your love

      Musicians who generate lasting appeal and impact listeners remain faithful to their roots and message. Third Day exemplifies this truism and achieved a pinnacle in Christian music with their number one single, "Your Love, Oh Lord."

       "What I think makes Third Day work is that it's just guys making music, uncontrived, unpretentious," Mac Powell, the band's lead vocalist and lyricist, told crosswalk.com in 1999. "We've only made three albums (now four with the release of Offerings in July 2000), but we've probably played over 1,000 live shows, so live performance is much more natural for us."

      The group's origins trace back to modest beginnings. Powell and guitarist Mark Lee attended the same Georgia high school. Following graduation, the two down-home Southern rockers hooked up with a keyboard player and formed an acoustical combo.

      A year later and minus the original keyboardist, David Carr joined on drums, and Tai Anderson contributed his talents on bass. Another year elapsed before Third Day reached completion with the addition of lead guitarist Brad Avery.

       "We're just a band from Marietta, Georgia," Powell admitted in a 1996 interview with The Phantom Tollbooth's Linda Stonehocker. "It's humbling to see so many people come out, and even see so many people that know the lyrics."

      In 1994, Third Day cut a demo album eventually acquired by the Grey Dot label. The independent producer added two songs to the mix and released the self-titled CD in 1995. Reunion Records then purchased the rights to Third Day and expanded the album's content by two more songs in its 1996 version.

      Critics hailed the recording and compared Third Day's Southern rock sound to Hootie and the Blowfish and Pearl Jam. The GMA recognized the group's achievement and talent with a 1997 Dove Award nomination for New Artist of the Year.

      Reluctant to be pigeonholed, the five-member ensemble explored new venues with their second endeavor, Conspiracy No. 5. The album received critical acclaim, winning a 1998 Dove Award for Best Rock Gospel Record, but it left Third Day's followers confused and bewildered.

       "I think Conspiracy No. 5 contained a little bit of meat that you had to chew on a while to digest," Powell revealed. "It was harder to understand, but once you did, you got a lot more out of it."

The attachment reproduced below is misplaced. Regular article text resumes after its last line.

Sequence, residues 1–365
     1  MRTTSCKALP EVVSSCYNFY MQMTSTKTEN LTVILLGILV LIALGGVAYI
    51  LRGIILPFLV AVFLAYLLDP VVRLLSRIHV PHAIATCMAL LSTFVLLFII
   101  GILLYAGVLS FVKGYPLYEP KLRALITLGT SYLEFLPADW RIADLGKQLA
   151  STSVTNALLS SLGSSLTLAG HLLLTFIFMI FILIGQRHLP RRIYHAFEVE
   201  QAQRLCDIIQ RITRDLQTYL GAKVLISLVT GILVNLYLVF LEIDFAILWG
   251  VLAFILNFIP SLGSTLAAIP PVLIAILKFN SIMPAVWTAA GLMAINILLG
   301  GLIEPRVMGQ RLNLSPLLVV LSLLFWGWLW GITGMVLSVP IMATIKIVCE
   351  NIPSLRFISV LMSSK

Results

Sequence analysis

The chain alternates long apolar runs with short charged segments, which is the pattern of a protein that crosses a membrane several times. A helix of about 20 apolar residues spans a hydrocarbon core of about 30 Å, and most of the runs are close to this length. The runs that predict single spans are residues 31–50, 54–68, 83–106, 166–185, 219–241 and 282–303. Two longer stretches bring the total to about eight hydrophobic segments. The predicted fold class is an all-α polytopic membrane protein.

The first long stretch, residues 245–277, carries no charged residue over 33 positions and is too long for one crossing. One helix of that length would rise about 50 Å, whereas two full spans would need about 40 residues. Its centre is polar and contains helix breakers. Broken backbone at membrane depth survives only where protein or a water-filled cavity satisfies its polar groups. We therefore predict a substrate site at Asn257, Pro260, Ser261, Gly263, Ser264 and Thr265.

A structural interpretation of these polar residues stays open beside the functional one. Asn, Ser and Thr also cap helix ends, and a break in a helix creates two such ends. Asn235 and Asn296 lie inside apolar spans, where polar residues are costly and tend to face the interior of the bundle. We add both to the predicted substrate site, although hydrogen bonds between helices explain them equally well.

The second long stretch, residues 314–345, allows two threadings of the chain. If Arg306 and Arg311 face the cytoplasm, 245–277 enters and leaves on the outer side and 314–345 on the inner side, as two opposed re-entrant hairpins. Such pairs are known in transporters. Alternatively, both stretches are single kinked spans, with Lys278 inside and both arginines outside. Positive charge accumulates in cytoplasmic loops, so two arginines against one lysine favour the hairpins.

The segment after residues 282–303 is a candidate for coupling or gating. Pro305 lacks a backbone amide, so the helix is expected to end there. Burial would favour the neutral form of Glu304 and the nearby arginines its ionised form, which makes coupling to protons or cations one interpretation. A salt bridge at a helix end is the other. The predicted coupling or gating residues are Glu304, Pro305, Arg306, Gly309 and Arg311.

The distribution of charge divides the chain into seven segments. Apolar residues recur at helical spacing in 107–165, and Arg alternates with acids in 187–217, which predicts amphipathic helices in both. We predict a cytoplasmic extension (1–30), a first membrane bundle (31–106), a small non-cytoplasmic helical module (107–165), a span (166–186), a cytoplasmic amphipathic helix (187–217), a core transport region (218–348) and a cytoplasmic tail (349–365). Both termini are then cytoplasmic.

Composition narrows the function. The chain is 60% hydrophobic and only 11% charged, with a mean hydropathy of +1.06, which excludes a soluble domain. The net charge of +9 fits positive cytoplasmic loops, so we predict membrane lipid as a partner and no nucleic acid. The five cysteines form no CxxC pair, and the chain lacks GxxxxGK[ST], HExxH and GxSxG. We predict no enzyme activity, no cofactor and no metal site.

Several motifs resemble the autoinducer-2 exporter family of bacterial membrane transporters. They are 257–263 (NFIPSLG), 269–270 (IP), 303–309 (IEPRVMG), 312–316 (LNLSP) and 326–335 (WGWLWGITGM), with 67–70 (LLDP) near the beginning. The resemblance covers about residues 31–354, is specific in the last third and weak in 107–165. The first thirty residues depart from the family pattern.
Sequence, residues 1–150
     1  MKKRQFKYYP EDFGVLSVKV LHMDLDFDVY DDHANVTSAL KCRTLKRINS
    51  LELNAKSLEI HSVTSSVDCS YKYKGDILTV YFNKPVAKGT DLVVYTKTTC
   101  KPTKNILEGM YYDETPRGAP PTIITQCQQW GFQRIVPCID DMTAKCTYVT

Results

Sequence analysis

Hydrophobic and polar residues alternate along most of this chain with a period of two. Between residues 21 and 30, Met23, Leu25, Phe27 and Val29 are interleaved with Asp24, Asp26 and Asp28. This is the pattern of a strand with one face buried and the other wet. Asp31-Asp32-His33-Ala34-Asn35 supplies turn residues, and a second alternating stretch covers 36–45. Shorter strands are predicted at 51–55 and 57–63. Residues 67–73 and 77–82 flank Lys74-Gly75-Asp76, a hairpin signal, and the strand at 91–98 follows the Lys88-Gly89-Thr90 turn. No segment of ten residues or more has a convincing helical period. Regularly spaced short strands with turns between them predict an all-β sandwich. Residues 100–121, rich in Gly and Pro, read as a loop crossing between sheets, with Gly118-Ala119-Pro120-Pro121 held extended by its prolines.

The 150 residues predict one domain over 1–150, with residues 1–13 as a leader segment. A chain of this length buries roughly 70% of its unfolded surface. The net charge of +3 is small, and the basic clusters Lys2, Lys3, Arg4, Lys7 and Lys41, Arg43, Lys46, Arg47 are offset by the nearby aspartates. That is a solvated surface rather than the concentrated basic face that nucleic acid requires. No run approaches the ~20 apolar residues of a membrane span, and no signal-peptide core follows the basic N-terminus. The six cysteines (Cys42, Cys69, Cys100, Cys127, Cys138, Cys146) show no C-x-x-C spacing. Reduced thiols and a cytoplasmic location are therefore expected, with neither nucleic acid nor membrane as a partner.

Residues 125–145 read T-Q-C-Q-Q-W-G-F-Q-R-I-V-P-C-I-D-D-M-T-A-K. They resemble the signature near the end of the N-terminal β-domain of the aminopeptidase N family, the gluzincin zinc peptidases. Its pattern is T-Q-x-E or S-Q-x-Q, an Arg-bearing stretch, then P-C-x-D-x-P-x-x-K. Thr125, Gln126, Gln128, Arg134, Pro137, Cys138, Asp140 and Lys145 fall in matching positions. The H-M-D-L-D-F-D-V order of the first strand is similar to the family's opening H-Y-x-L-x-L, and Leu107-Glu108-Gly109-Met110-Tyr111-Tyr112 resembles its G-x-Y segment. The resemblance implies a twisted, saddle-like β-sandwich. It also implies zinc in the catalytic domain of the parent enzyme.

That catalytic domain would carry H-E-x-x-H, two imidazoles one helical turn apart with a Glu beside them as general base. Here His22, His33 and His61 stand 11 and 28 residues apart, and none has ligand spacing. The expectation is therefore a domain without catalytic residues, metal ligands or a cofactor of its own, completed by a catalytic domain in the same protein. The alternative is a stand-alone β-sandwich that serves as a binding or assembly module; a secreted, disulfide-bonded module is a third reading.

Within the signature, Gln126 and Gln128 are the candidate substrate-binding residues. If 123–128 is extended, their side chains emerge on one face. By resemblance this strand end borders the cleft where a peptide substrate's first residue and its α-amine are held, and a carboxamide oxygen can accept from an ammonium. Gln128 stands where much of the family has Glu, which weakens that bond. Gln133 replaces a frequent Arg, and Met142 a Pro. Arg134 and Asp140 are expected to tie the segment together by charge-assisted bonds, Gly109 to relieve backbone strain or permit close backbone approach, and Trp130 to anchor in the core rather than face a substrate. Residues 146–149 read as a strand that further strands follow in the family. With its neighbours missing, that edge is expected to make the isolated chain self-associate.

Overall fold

Confident of their purpose and direction, the quintet gravitated to their unique blend of rock, blues, rockabilly, and gospel with Time released by Essential Records in 1999. The result created a strong sense of worship that connected with listeners and solidified Third Day's popularity.

      Four cuts from the album, "Sky Falls Down," "Took My Place," "What's Good," and "I've Always Loved You" topped the charts, bringing the ensemble's number one singles total to 13. Time also garnered the group a second straight Dove Award for Rock Album of the Year.

       "On Time, we finally found and captured our sound," Tai Anderson said. "In the past, we might have felt like we had something to prove, but this time we just wanted to be ourselves and make a great record."

      Fully committed to praise and worship music, Third Day compiled live versions of six past favorites and five new songs into its latest CD, Offerings. Released in July 2000, the recording electrified reviewers and fans alike.

      Billboard's Deborah Evans Price proclaimed, "this powerful album treats listeners to beautiful praise and worship songs as well as tunes that stretch the boundaries of worship music in a wonderful way." In January 2001, the CD received the Recording Academy's highest honor with a Grammy nomination for Best Rock/Gospel album.

      A live version of "Your Love, Oh Lord," a track originally recorded on Time, hit the airwaves as a single and skyrocketed to number one in October 2000, holding that spot for two straight weeks. The composition, inspired by Psalm 36, reminds listeners that God's love, faithfulness, righteousness and justice should prompt us to come to Him in worship.

       "Lyrically, it's a praise song straight from the Psalms, but musically, it's very different" Powell said. "It uses loops, two drum sets and unusual guitar to create a rhythmic, ethereal, universal world-beat feel. It's different from the rest of the record, but not too much so."

      Third Day's songwriter focused on verses five and six of Psalm 36 to express the song's central theme. They read, "Your love, O Lord, reaches to the heavens, your faithfulness to the skies. Your righteousness is like the mighty mountains, your justice like the great deep."

      Powell used the Psalmist's phrases almost verbatim in "Your Love, Oh Lord." His lyrics differ only in the last line as he states, "Your justice flows like the ocean's tide."

      For the present and foreseeable future, Third Day views its ministry as praise and worship music. Legions of fans, who have pushed the group's career sales numbers to over 1,000,000, agree. They packed the band's fall 2000 concert tour with Salvador and Kendall Payne and prompted a second round of performances scheduled for spring 2001.

       "For us, there's no real transition from doing a regular song versus a worship song," Powell said. "We approach all of our music from one perspective - like (Apostle) Paul wrote, 'Whether you eat or drink or whatever you do, do it all for the glory of God.' We want to remain in that mode continually."

 

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